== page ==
Sophie flipped the paper over. Her eyebrows drew together into a frown. She looked up at the children, then at the door behind them, then back at the note. Her frown deepened. “I find this very troubling, children. I would like to know what is happening.”

  Sticky looked nervously at Reynie, who said, “What do you mean? What would you like to know?”

  Sophie regarded him with anxious eyes. “Why is there all this interest in these papers?”

  “All this interest?”

  Sophie studied him. “Could it be a coincidence?” She shook her head. “And yet you seem like nice children.”

  “We are nice,” Kate insisted. “We don’t know what you’re talking about. What’s the big deal about the papers?”

  “People are being hurt,” Sophie said gravely, “because of these papers you wish to see.”

  The Duskwort Papers

  Often the best way to avoid answering questions is to ask them yourself, and Reynie was quick to do just that. “We were hoping you could tell us more,” he said to Sophie. “What exactly has been happening?”

  “But I thought you said you knew nothing,” said Sophie, looking confused.

  “We heard there was trouble. We wanted to know what kind of trouble.”

  “I am not sure that I wish to discuss it,” said Sophie, more guarded now. “It is very unpleasant for me.”

  “Please,” said Kate. “Please help us.”

  Sophie gave her a searching look. “Help you? I do not see how . . .” She sighed and ran her fingers distractedly through her hair. “Very well. It is nothing you cannot read in the news-paper. Many people wanted to see these materials last week. Some of them . . . men in suits, with little hard bags . . . What do you call them in English? Shortcases?”

  “Briefcases,” Sticky suggested grimly.

  “Yes. Briefcases. These men did something to the security guard. He is in the hospital now. Some of the museum staff tried to help him. They also are in the hospital now. Everyone is in the hospital except for three of us, who were hurt not as much. We are all afraid now, though. There is a new security guard, but he is afraid, too.”

  “Did the men steal the papers?” Reynie asked, fearing her response.

  “No, because they are fools,” Sophie said bitterly. “They demanded to see the papers, and when I did not answer fast enough — they were very frightening, you see — they hurt me so that I was not awake. What is the word? Unconscious? They made me unconscious, and when I opened my eyes they were still trying to find the papers. They did not understand how we organize the library, you see. They were angry and creating a bad mess. But there were sirens in the street. The police were coming, and the men decided they must leave. I shouted at them as they left: ‘It is a free and public library! All you had to do was ask!’”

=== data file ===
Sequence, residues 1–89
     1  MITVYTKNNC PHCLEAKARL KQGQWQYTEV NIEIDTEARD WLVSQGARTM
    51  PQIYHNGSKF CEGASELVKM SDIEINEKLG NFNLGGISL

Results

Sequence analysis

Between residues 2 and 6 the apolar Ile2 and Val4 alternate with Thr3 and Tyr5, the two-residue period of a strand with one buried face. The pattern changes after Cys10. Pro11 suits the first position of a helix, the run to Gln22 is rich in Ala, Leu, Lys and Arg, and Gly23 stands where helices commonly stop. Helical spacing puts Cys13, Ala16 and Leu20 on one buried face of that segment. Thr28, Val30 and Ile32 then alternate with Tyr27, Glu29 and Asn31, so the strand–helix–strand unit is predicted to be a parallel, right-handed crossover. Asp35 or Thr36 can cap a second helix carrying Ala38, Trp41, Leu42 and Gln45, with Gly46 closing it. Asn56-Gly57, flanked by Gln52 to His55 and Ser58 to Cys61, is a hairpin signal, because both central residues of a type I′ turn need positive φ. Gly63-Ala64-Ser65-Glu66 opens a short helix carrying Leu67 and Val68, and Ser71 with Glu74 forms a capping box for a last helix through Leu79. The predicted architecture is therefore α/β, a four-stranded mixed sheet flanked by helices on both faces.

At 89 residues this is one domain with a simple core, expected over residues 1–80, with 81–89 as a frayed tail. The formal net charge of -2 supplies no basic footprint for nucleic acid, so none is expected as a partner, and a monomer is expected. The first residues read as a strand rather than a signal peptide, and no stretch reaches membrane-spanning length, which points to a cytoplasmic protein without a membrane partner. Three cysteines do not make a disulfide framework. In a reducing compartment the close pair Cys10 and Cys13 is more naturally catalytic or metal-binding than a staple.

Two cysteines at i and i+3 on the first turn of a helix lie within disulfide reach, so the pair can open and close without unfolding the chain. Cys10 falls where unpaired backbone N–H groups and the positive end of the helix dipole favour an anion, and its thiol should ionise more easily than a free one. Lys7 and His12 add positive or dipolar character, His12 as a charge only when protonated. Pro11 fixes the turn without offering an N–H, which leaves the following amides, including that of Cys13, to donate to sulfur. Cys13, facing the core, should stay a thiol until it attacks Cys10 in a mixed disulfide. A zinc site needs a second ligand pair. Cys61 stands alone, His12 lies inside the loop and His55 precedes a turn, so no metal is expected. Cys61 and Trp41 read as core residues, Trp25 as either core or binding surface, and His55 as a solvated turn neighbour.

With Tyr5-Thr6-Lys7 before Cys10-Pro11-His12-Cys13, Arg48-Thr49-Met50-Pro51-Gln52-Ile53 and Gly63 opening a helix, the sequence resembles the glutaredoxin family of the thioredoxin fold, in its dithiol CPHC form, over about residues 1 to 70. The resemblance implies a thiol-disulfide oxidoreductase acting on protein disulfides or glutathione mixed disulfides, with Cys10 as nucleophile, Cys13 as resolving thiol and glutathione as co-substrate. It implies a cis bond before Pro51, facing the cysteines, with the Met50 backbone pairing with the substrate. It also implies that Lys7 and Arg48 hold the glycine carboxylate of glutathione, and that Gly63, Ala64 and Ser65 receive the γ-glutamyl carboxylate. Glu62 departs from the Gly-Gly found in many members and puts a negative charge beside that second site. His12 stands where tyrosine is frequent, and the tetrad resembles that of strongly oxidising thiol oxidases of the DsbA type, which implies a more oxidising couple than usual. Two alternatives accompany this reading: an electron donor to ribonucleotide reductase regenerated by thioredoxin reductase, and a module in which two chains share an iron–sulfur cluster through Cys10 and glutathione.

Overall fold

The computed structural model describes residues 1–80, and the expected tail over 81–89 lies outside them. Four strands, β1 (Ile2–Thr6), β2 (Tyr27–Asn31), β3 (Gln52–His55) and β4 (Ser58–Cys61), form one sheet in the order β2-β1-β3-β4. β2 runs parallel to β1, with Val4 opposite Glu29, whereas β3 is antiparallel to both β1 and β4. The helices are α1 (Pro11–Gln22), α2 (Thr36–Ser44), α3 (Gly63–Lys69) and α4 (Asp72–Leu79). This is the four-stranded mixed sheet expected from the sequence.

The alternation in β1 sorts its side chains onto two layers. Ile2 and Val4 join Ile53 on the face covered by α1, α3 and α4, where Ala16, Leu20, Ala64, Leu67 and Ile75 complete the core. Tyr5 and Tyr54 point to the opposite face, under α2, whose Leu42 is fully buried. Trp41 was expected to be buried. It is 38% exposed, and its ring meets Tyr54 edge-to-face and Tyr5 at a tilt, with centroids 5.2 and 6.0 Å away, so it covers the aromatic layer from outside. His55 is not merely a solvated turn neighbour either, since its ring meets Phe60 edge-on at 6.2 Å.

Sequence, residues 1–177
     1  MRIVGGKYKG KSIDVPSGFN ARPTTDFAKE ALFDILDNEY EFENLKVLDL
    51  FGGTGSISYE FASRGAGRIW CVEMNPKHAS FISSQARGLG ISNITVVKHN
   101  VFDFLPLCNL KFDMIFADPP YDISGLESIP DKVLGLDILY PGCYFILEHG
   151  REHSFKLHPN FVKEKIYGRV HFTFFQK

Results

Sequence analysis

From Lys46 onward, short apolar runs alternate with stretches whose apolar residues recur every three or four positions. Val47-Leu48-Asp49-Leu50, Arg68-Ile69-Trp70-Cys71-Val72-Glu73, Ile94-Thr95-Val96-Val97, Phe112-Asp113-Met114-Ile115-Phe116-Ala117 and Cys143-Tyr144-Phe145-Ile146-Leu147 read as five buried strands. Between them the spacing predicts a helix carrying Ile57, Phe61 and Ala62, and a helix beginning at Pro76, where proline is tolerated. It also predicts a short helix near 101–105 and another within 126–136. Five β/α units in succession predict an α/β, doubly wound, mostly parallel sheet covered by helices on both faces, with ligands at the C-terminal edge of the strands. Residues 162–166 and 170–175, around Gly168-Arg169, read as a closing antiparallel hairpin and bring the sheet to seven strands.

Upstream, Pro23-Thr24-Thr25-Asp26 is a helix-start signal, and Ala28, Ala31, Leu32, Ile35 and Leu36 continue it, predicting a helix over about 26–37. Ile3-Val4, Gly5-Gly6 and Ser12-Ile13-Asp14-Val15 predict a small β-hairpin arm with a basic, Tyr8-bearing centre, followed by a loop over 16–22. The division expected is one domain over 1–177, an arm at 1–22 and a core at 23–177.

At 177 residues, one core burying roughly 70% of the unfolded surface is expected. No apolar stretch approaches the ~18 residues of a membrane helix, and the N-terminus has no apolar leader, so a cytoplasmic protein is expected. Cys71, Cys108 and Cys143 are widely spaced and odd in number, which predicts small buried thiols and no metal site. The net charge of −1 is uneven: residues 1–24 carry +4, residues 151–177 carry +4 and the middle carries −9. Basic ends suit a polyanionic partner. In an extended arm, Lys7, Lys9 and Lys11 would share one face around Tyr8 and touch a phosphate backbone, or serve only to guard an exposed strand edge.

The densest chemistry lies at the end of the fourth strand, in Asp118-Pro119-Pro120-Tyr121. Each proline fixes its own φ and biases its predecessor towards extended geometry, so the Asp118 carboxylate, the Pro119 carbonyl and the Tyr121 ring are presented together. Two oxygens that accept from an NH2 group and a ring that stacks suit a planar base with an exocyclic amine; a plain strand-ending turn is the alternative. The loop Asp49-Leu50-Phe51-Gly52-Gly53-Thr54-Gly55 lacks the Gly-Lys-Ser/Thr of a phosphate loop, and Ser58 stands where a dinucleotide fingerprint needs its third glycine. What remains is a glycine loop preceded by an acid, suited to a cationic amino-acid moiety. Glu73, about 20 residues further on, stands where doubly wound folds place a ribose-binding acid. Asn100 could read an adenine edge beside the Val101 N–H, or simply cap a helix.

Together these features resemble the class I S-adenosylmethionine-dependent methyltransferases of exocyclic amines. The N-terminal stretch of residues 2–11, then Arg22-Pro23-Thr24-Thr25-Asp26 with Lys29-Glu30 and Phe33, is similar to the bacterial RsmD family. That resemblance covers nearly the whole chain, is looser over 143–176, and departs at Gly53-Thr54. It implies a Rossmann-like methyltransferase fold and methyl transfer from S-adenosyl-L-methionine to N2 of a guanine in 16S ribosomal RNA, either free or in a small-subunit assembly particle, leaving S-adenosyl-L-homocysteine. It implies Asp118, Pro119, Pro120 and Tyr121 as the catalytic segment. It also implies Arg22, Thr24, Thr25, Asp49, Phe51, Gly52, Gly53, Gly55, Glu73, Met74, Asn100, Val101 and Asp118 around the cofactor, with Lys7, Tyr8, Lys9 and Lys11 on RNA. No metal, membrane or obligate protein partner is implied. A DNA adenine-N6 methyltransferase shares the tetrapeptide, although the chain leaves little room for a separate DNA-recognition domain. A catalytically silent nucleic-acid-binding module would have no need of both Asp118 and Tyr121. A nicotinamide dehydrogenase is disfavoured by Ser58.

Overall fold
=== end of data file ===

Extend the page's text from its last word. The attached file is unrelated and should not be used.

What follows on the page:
Sophie shuddered. “The men, they . . . they shocked me” — she made motions with her hands, as if to show something flying out of her wrists — “with little wires.” She quickly covered her eyes. It was evident she was trying not to cry.

  Constance stepped close to the desk and said quietly, “I know how that feels, Sophie.” The others looked at her in surprise. They had agreed not to divulge any information about themselves. Reynie in particular had insisted they trust no one and give nothing away. Now Constance had admitted outright that they’d encountered Ten Men before, and therefore must be involved in this unpleasant business. It would be a miracle if they weren’t in police custody within the hour.

  Sophie had lowered her hand to look wonderingly at Constance, who said, “The watches and the wires. I know how it feels. They shocked me, too.”

  Sophie gazed at Constan
ce without speaking. Then she reached across the desk — she had to stretch a good deal — and placed a hand gently against the tiny girl’s cheek. Constance, who usually bristled at so much as a pat on the hand, did not withdraw or even flinch. She returned Sophie’s sympathetic gaze with an expression of gratitude and mutual understanding.

  “I am sorry,” Sophie said. “Please, children, go and sit at a table. I do not understand your true reasons, but I will bring you these papers.”

  They chose a table at the opposite end of the room, away from the librarian’s desk, so that they might speak in low voices and not be overheard. Sophie emerged from a back room carrying a journal and a thin stack of papers in a protective envelope. She placed the journal on the table and carefully removed the papers from the envelope. The top page was covered in handwriting, and not surprisingly it was written in Dutch.